So, if you’re looking for an e-Procurement system, be sure to check it out. You might just find what you’re looking for. And when it comes to constant improvement, you can be sure they’re going to Coup-at-it

Two Great New Optimization Resources

For those of you looking for a good introductory overview of decision optimization for strategic sourcing, two new resources hit the bit-stream today.

First of all, there’s the “What is Supply Chain Optimization?” (Part I and Part II) podcast, part of the Next Level Purchasing‘s podcast series that features Charles Dominick (Pro to Know), President of Next Level Purchasing (a Supply & Demand Chain Executive 100 Company) and yours truly. (For more details, see today’s edition of the Next Level Purchasing newsletter.) Clocking in at just under an hour, we try our best to convey the basics of strategic sourcing decision optimization and why it’s important to you as a sourcing / procurement / supply mananagement professional. For those of you who find the podcast quite dense (it is!), and wish to review one or more sections, you’ll be pleased to know that a free transcript (basic or with editorial notes) is available, sponsored by Sourcing Innovation.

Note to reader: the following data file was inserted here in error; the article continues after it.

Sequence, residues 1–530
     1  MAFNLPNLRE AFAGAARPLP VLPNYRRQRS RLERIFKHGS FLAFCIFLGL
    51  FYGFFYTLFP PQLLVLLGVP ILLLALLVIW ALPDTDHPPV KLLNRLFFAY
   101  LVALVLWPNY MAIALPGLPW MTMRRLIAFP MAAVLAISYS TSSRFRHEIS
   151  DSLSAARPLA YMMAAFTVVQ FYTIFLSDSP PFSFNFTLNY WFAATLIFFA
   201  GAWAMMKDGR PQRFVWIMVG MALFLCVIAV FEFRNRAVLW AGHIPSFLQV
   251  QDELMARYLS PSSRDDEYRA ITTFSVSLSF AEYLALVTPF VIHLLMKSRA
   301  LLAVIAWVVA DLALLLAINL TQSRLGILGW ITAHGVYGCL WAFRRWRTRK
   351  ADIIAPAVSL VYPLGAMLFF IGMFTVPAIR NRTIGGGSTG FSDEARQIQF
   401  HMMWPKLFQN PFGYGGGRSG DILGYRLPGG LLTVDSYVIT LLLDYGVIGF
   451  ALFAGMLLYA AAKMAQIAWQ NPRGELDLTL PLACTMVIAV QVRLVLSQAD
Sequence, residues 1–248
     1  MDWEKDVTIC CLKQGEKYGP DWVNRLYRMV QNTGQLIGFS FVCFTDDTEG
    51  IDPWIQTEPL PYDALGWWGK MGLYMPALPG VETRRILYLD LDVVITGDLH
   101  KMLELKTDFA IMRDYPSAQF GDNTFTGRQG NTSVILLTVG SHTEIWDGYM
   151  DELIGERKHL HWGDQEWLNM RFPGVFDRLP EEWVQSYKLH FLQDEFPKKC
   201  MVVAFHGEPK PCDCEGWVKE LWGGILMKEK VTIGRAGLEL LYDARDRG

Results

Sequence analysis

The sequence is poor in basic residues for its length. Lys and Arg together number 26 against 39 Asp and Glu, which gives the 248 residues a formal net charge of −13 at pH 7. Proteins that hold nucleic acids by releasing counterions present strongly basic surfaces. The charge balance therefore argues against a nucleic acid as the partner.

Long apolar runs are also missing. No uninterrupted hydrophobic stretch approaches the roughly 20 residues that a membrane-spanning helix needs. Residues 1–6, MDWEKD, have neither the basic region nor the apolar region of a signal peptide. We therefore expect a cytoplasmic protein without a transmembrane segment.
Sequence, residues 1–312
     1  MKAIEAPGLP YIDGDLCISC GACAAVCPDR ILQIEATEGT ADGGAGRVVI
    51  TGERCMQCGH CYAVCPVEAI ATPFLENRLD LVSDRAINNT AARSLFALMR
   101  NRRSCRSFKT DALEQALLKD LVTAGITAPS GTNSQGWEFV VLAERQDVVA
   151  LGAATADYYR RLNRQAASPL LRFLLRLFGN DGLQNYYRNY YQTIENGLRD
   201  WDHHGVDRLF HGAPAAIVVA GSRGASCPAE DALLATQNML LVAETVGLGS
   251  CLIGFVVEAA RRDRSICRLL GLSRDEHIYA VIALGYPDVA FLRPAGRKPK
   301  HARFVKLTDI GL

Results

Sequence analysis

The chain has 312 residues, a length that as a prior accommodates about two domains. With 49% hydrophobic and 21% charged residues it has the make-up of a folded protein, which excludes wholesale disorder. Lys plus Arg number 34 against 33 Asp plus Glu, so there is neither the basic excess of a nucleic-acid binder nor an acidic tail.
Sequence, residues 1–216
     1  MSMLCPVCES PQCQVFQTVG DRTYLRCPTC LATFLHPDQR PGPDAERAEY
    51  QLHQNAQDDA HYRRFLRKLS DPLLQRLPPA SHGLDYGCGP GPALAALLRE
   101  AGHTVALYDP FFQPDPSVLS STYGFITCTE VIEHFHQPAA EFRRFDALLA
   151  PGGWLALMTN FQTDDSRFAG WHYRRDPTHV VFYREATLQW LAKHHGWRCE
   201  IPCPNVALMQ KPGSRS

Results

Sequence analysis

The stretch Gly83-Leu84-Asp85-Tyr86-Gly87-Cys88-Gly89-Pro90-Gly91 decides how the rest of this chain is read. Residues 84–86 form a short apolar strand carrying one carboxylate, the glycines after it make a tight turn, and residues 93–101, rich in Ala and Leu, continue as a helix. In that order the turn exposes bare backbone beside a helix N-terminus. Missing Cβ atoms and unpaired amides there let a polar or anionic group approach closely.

Secondly, over on the eSourcing Wiki (which, as of today, has 18 wiki-papers on various topics relevant to you as a sourcing professional with more on the way), the Strategic Sourcing Decision Optimization wiki-paper is now available, sponsored by Iasta. Along with an introduction to optimization, including strategic sourcing decision optimization, it also overviews the benefits and ten strategies for success.